Far-future teens battling for survival in dystopia

Legend is the story of far-future teens in a dystopian society.

When the lead sentence in a novel reads “My mother thinks I’m dead,” you’ve got a pretty good idea there’s a lot of exciting action in store for you. And so it is in Legend, the first entry in Marie Lu’s award-winning young adult trilogy.


Legend (Legend Trilogy #1) by Marie Lu (2011) 318 pages

@@@@ (4 out of 5)


A militarized nation engaged in perpetual war

Legend is one of the more prominent examples of the flood of dystopian novels for young adults that have appeared in recent years. Lu’s protagonists, far-future teens Daniel Wing (known as “Day”) and June Iparis live in what today is Los Angeles. The state of California is part of the Republic, a nation that covers much of the American West. Dominated by the military and governed by the Elector Primo who is now in his eleventh term, the Republic is engaged in perpetual war with the Colonies, a more advanced nation somewhere to the east.

Razor-sharp class distinctions

Class distinctions in the Republic are razor-sharp. A wealthy elite rules through the military, often serving as high-ranking officers. The vast majority of the population is desperately poor. Every year, a new strain of a horrific disease known as the plague ravages poor neighborhoods. Vaccines are available only to the elite. At age 10, every child in the Republic is subjected to the Trial, which measures intellectual ability, physical prowess, and emotional stability. Only those with superior scores are admitted to high schools, universities, and the military and thus gain the opportunity for advancement.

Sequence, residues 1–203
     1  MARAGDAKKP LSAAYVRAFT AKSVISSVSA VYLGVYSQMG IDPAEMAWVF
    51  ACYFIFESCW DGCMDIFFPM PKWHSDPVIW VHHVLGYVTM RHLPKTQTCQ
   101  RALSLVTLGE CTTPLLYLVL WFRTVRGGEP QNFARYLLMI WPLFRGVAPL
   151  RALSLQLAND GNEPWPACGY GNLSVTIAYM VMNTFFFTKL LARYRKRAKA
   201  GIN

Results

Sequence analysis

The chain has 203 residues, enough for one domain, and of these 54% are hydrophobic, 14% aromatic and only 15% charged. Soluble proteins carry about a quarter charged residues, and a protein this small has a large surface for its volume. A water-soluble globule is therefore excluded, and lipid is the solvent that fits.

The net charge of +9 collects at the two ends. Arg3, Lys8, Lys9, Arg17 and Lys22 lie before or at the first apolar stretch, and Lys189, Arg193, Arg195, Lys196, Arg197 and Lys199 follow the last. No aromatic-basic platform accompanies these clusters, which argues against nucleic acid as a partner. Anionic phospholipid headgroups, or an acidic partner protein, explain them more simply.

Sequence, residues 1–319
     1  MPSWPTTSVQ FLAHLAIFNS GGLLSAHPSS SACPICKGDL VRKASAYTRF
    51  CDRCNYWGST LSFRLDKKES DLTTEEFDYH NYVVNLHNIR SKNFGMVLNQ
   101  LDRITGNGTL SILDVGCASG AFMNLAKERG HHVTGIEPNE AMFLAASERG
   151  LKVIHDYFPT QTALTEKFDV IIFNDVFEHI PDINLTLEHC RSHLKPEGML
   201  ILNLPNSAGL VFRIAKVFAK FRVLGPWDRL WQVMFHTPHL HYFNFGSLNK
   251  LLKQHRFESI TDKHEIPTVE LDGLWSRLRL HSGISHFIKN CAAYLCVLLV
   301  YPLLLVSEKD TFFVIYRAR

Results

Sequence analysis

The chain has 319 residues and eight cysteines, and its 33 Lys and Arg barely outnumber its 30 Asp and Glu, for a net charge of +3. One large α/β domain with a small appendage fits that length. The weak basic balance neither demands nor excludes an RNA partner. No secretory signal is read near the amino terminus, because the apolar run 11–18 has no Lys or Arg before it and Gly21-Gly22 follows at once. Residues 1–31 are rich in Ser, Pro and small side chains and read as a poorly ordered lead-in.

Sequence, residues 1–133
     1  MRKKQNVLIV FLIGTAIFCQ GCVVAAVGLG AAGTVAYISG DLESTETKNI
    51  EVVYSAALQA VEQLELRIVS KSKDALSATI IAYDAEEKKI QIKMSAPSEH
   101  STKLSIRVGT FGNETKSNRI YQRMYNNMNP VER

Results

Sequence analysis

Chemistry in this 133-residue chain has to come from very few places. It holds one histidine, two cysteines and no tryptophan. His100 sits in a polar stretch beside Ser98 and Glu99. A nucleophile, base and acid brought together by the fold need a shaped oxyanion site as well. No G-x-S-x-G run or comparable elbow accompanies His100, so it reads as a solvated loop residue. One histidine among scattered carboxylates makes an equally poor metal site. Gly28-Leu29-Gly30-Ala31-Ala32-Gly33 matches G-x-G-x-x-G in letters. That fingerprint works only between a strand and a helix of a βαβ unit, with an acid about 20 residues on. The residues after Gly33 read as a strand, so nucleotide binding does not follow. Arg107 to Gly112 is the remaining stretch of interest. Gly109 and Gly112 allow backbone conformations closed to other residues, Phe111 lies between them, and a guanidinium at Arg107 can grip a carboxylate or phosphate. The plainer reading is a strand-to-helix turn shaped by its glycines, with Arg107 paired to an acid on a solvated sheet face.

Far-future teens on opposite sides of the class divide

At age 15, June and Day dramatize the contrast between rich and poor. June, daughter of a wealthy family and younger sister of a captain in the military, is a prodigy. She’s the only person ever to have achieved a perfect score in the Trial. However, June is something of a rebel. “The Republic’s favorite little prodigy is in trouble again,” she notes as she heads off again to the dean’s office at her university.

By contrast, Day’s score was abysmal. His mother and two brothers live on the verge of starvation and are constantly at risk of succumbing to the plague. Having gone into hiding to sabotage the military, Day is the most wanted criminal in the Republic. “I’m not the most dangerous criminal in the country, but the most wanted,” Day reflects. “I make them look bad.”

We know that June and Day will meet. But how? That’s the story. And it’s a very good one. Legend is a great way to start a trilogy.

About the author

Marie Lu was born in China but has lived in the United States since the age of five. She writes for young adults. The Legend Trilogy is her most popular work and will soon be adapted into a film.

For further reading

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